A Win for Baby
Fewer Toxic Chemicals in Gear for Tots
Thanks to pressure on manufacturers from Clean and Healthy New York, parents have one less thing to worry about.
|This baby sits with a breastfeeding pillow made from polyethylene foam, which contains toxic flame retardants.
Fewer chemicals will be used in nursing pillows, mattresses, and other supplies for wee ones. The organization convinced Graco, Britax, and Orbit Baby to voluntarily remove some of the most toxic flame retardants from their infant product lines. Since 2008, $150,000 in grants have helped lay the groundwork for this victory. Most recently, the group co-authored a report on the toxicity of baby products featuring these and other companies. Halogenated flame retardants, commonly found in polyurethane foam, have been shown to cause reproductive, thyroid, endocrine, developmental, and neurological disorders, lowered fertility, and hyperactivity.
This year, Clean and Healthy New York
will use a $50,000
grant to build on this success and work with other members of the Safer Chemicals, Healthy Families campaign to pass the federal Safe Chemicals Act. On the State level, it will work to win passage of the Child Safe Product Act, which would identify the most dangerous chemicals in all infant and children’s products, require manufacturer disclosure of their use, and establish a timeline to phase them out.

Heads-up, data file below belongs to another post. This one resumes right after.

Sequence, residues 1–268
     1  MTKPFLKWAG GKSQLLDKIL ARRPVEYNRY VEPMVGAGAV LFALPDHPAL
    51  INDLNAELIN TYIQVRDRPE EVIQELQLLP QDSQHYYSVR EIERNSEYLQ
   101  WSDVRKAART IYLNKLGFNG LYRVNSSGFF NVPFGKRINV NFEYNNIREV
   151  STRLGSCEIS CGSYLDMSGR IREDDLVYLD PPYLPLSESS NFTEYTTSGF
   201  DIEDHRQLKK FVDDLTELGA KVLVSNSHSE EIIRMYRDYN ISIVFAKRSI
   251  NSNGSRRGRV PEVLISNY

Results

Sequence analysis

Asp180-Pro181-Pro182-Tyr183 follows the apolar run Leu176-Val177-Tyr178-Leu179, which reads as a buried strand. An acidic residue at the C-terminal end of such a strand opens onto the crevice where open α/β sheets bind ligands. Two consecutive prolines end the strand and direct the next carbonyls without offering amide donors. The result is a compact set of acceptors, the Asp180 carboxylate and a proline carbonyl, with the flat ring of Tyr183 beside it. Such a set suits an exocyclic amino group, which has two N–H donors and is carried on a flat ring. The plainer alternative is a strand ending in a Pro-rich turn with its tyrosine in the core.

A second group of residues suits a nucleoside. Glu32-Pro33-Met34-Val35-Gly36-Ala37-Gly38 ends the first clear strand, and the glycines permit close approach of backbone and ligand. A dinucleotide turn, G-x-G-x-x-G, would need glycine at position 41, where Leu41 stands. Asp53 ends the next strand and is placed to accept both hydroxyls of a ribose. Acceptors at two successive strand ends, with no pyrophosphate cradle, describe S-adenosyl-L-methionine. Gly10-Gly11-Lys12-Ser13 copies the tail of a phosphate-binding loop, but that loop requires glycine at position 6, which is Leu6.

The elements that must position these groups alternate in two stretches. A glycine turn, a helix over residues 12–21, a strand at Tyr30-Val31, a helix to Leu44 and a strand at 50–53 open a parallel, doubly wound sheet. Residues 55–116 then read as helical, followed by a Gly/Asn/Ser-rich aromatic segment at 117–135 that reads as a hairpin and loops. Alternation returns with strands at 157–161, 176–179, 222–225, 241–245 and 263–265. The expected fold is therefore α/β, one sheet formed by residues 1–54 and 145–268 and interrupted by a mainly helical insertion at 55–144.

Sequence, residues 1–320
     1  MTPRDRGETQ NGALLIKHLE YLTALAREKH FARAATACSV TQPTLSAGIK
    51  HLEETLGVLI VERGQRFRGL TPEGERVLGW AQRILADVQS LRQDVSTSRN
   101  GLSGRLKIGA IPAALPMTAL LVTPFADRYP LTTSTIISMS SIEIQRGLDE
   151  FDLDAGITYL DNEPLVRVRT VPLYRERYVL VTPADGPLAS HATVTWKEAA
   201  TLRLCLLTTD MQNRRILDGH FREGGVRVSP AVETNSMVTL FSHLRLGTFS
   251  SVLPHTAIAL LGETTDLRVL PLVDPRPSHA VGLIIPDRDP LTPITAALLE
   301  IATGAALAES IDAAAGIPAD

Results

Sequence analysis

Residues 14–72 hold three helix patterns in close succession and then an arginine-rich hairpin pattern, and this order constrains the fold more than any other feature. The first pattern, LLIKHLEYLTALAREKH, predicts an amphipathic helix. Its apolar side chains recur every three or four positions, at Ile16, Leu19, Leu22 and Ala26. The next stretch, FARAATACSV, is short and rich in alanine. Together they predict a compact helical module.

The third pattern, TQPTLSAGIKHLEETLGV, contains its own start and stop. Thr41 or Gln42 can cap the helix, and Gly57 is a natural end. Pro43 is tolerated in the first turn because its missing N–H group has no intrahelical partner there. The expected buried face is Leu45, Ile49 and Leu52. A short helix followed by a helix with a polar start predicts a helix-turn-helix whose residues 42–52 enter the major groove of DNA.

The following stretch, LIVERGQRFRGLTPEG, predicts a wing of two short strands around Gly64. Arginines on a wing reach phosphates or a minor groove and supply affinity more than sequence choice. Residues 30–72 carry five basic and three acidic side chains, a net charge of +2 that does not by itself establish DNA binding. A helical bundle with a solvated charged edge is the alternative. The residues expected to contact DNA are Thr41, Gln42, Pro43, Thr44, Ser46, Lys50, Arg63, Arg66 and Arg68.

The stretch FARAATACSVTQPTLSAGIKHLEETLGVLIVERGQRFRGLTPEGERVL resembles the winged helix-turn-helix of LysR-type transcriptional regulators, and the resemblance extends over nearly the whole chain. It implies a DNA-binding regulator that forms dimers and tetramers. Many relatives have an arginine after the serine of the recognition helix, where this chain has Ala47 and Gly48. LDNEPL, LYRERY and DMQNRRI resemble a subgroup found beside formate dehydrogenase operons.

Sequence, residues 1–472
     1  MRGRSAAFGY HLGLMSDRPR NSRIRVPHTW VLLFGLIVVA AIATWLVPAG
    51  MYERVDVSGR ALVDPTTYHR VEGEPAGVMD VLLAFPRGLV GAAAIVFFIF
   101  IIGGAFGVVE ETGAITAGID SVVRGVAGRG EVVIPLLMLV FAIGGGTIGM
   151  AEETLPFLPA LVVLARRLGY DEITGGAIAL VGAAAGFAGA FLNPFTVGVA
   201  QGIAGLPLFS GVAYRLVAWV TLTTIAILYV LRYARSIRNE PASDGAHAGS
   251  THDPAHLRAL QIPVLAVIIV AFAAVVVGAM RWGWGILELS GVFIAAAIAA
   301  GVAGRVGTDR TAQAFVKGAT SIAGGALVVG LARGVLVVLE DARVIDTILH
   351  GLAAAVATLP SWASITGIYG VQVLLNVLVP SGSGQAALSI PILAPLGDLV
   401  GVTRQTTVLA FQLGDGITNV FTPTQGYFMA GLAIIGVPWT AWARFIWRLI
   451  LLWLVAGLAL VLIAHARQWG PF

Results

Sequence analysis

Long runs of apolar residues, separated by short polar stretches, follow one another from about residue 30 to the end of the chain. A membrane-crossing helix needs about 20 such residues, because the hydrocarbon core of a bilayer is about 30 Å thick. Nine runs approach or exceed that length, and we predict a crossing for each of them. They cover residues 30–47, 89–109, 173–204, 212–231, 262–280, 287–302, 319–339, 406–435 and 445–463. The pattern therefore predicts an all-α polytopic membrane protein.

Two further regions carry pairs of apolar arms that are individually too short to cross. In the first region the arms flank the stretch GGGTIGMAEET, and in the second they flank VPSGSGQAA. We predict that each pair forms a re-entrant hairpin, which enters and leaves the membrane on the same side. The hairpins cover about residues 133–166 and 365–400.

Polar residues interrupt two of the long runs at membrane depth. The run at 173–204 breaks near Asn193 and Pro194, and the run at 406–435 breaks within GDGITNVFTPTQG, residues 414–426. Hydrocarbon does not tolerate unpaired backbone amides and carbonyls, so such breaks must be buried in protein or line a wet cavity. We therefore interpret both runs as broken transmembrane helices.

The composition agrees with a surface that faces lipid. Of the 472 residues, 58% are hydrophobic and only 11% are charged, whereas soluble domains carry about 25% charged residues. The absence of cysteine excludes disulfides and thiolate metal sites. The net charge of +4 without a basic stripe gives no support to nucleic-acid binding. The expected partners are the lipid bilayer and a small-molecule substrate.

“While passing broad safe-chemical legislation is absolutely essential for our health and safety, it is a slow process,” says Pat Jenny, acting vice president for programs at The Trust. “On the other hand, manufacturers and retailers can act quickly and are responsive to consumer demand and public pressure.” Continuing to fight on both fronts, Clean and Healthy New York also is creating a Getting Ready for Baby scorecard to move Babies “R” Us and Buy Buy Baby to curtail the sale of goods that contain one or more dangerous chemicals.
“Making sure materials containing toxic chemicals are replaced by genuinely safer ingredients in a global supply chain can be challenging,” says Kathy Curtis, director of Clean and Healthy New York. “We will continue to monitor what baby gear is made of to make sure manufacturers are on the right track.”